As many as 22,000 guest teachers, who had been teaching in various government schools across Delhi, are facing uncertainty as their contracts ended on February 28, and they have not by notified by the government on whether their contracts will be renewed.
More than 5,000 teachers started protesting outside Delhi’s Deputy Chief Minister Manish Sisodia’s residence, as they had been promised regularisation by the Aam Aadmi Party government. On Tuesday, March 5, around 10 guest teachers tonsured their heads in protest, and threatened to commit suicide if their demand of regularisation is not met.
Talking to Newsclick, Jai Kumar, a guest teacher, said his entire family depended on his income. He said he did not know how he would pay the school fees for his children if his contract was not renewed by the government. He said if the situation did not improve and the demands of the guest teachers were not met, he would not be able to support his family of six and may be forced to commit suicide.
Shabana Khan, who was a guest teacher in a government school in Daryaganj, told Newsclick, “I had to go through a lot of difficulties to complete my education. Even then, I had to struggle to get this job. By then, the government had already said the services of the contractual teachers would be regularised. That gave me hope, but now, after my contract was terminated on February 28, I don’t know how to earn my livelihood.”
Sisodia, who is also the Education Minister of Delhi, has put the blame on Lieutenant Governor Anil Baijal. He claimed that a Bill to make all guest teachers permanent was passed in the Delhi Assembly in 2017 but was still pending the Lt. Governor’s approval.
The Government School Teachers’ Association, which has been leading the protest demonstrations in front of Sisodia’s residence, wrote a letter to the Lt. Governor, highlighting the issues being faced by the guest teachers. They said the guest teaching posts were created during the tenure of the Congress-led Delhi government, which failed to recruit permanent teachers in schools, and there was a shortage of 30,000 teachers.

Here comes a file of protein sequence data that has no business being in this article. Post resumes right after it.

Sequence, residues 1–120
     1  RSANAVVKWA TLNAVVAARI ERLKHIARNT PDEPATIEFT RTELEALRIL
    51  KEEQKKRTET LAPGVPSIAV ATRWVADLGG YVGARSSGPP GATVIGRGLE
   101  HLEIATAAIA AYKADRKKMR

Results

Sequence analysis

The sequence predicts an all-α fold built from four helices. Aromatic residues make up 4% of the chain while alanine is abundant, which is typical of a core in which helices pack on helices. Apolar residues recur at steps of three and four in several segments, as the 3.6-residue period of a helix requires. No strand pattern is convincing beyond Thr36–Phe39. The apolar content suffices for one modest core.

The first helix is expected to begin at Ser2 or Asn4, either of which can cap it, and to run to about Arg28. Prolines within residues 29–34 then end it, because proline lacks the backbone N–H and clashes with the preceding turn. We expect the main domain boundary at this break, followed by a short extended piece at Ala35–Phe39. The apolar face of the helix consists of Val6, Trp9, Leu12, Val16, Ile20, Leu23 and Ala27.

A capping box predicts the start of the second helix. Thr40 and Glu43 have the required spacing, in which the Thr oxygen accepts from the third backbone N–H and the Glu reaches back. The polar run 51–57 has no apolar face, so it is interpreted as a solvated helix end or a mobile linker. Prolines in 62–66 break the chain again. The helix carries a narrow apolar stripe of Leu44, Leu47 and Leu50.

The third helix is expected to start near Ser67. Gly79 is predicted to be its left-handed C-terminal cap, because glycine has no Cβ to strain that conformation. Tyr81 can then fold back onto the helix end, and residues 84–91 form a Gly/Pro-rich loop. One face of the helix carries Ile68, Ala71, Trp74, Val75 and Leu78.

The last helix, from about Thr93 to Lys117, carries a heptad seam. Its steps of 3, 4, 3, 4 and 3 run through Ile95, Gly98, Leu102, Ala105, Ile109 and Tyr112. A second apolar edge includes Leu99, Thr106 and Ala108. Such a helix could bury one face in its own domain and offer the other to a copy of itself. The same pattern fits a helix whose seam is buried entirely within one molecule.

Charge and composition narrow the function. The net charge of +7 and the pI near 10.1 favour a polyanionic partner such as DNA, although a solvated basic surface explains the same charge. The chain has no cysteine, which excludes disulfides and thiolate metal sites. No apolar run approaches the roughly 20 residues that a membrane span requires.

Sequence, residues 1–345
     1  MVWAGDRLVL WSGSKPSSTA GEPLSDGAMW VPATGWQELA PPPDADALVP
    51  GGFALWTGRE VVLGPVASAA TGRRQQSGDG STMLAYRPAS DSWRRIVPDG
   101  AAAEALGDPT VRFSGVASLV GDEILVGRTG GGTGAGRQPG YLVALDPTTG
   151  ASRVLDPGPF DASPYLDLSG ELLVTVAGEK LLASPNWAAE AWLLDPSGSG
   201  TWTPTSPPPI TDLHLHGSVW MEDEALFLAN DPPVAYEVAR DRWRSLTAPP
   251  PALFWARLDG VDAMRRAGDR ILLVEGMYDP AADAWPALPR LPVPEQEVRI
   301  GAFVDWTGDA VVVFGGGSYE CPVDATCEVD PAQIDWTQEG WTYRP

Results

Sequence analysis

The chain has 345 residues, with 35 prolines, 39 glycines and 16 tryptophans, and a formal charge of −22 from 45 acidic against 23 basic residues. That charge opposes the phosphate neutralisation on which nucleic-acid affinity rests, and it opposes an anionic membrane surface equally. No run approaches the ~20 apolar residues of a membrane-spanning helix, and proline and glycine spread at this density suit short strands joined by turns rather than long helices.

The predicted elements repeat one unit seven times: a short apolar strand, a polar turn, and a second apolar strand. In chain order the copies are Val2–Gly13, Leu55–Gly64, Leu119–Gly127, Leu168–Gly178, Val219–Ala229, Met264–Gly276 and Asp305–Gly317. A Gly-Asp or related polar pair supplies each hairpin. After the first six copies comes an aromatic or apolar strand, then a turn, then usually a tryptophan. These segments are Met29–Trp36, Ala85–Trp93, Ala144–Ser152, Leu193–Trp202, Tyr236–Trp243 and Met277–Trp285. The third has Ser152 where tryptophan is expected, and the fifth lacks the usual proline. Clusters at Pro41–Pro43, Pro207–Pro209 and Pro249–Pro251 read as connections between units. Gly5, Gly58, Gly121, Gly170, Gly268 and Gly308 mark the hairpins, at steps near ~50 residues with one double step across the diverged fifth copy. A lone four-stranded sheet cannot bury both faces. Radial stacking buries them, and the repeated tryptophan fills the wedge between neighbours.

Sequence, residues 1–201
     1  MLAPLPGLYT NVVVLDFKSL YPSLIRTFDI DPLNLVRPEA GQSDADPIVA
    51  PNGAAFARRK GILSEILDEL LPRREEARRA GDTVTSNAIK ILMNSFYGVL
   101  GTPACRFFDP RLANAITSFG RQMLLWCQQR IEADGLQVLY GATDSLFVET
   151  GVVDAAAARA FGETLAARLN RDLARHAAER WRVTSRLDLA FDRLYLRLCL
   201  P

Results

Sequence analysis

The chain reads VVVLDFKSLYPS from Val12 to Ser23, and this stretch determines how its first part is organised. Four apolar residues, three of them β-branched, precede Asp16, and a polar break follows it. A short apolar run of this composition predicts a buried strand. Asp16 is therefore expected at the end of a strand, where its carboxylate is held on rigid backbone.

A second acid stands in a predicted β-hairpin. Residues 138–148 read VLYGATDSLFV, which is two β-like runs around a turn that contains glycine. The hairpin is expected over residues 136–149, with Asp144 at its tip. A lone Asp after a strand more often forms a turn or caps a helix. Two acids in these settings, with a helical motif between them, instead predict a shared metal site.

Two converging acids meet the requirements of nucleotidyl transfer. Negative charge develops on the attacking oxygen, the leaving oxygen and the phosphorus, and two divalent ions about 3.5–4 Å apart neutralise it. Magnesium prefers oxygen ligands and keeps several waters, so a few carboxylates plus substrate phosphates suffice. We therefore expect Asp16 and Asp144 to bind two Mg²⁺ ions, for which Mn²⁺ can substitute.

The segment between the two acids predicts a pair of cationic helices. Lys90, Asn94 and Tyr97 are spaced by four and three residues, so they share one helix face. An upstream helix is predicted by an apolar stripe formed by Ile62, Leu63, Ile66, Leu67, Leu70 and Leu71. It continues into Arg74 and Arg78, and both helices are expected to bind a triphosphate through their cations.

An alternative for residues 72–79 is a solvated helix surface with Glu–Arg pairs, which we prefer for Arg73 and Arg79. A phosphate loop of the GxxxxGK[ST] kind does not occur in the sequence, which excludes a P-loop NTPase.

The guest teachers were hired to restore the student teacher ratio in schools, and the government being satisfied with them, failed to recruit permanent teachers. The incumbent Congress government then promised to regularise the guest teachers’ services before the 2015 Delhi Legislative Assembly Elections, which gave the teachers hope.
However, even after the Bill for the regularisation of guest teachers was passed in the Delhi Assembly, no step was taken by the government to implement it. After working for years as guest teachers at a much lower salary than permanent teachers, most of these teachers are now not eligible for permanent recruitment due to age barriers.
With the guest teachers on protest, government schools are struggling to deal with the loss in their teaching and administrative capacity. At present, annual examination are going on across schools, and teachers are needed for invigilation and paper checking. More than 18 lakh students are currently studying in the government schools across the city.
As the guest teachers intensified their protest, Sisodia was forced to write a letter to the Lt. Governor on March 5, raising concerns about the situation. He brought to Lt. governor’s notice that the 22,000 guest teachers who were on the streets now constitute 38% of all teachers currently posted in Delhi government schools.
He mentioned in the letter that the Haryana Government passed a Bill in its Assembly to avail the services of the guest teachers till they attain the age of superannuation, and a similar Bill was passed by the Delhi Assembly in 2017, which is still awaiting the Lt. Governor’s consent.
“I have requested the Hon’ble Chief Minister to convene an emergency Cabinet meeting tomorrow (Thursday) to consider and approve a policy to avail uninterrupted services of guest and contract teachers. As Education Minister of Delhi, in the interest of lakhs of children and thousands of guest teachers, I urge you to rise above narrow politics and do justice to students and teachers,” the letter read.